Dow 13,000 – The Psyche of Round Numbers Market Indicator for the Week Ahead
The Dow Jones Industrial Average traded above the 13,000 mark for the last time when Lehman Brothers was still a going concern and the financial crisis was not quite yet in full-swing.
DJIA 13,000 May Finally Lure Investors Back Into Stocks
February 27, 2012
Tuesday, last week, saw the Dow Jones Industrial Average (DJIA) touch the 13,000 level for the first time since the 2008 market crash.
Crashing through psychological milestones usually makes for a good headline but rarely means anything to the professional traders on Wall Street. The DJIA 13,000, though, could be different.
When the blue-chip index pushed through 10,000 or even 12,000, most traders yawned and went about their business. The market moved higher, but there was little sentiment that getting through big, round numbers had anything to do with it.
Now, though, with 13,000 reached for the first time since May 2008, some are wondering whether the news finally might push retail investors off the sidelines.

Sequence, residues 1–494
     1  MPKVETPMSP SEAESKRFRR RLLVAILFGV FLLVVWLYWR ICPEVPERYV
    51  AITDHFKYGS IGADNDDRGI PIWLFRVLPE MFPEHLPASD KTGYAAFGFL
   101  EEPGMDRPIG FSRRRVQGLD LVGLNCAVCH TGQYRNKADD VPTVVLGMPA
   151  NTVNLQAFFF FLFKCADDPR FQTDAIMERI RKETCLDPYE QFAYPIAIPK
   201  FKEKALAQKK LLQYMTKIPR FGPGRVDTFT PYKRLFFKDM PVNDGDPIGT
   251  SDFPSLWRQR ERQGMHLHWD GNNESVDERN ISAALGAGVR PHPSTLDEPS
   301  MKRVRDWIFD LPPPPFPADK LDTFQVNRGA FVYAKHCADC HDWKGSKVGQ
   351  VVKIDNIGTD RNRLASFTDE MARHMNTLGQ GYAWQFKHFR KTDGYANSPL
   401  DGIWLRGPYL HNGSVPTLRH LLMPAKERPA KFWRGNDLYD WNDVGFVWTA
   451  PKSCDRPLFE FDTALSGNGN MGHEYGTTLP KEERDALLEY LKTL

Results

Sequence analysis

One reason that the DJIA thousand-point barriers generally don't move the market is that Wall Street traders really don't pay much attention to the index. The public uses the Dow as a guideline both to market and economic health, but traders focus far more on the Standard & Poor's 500 (SPX), which has a much broader reach than the Dow and its 30 components.
The S&P broke through the 1350 barrier Thursday and held it in lackluster trading Friday. Bensignor says the index's next target is last year's closing high of 1363.
Retail investors, in the meantime, are slowly shuffling back into the game.
Traders normally "don't put too much faith into" such events, but might reconsider now -- in this particular case, we still know a lot of retail investors missed a good majority of the rally -- a big benchmark such as 13,000 could be a nice sign to maybe some investors that they may want to start putting some of their money into the market.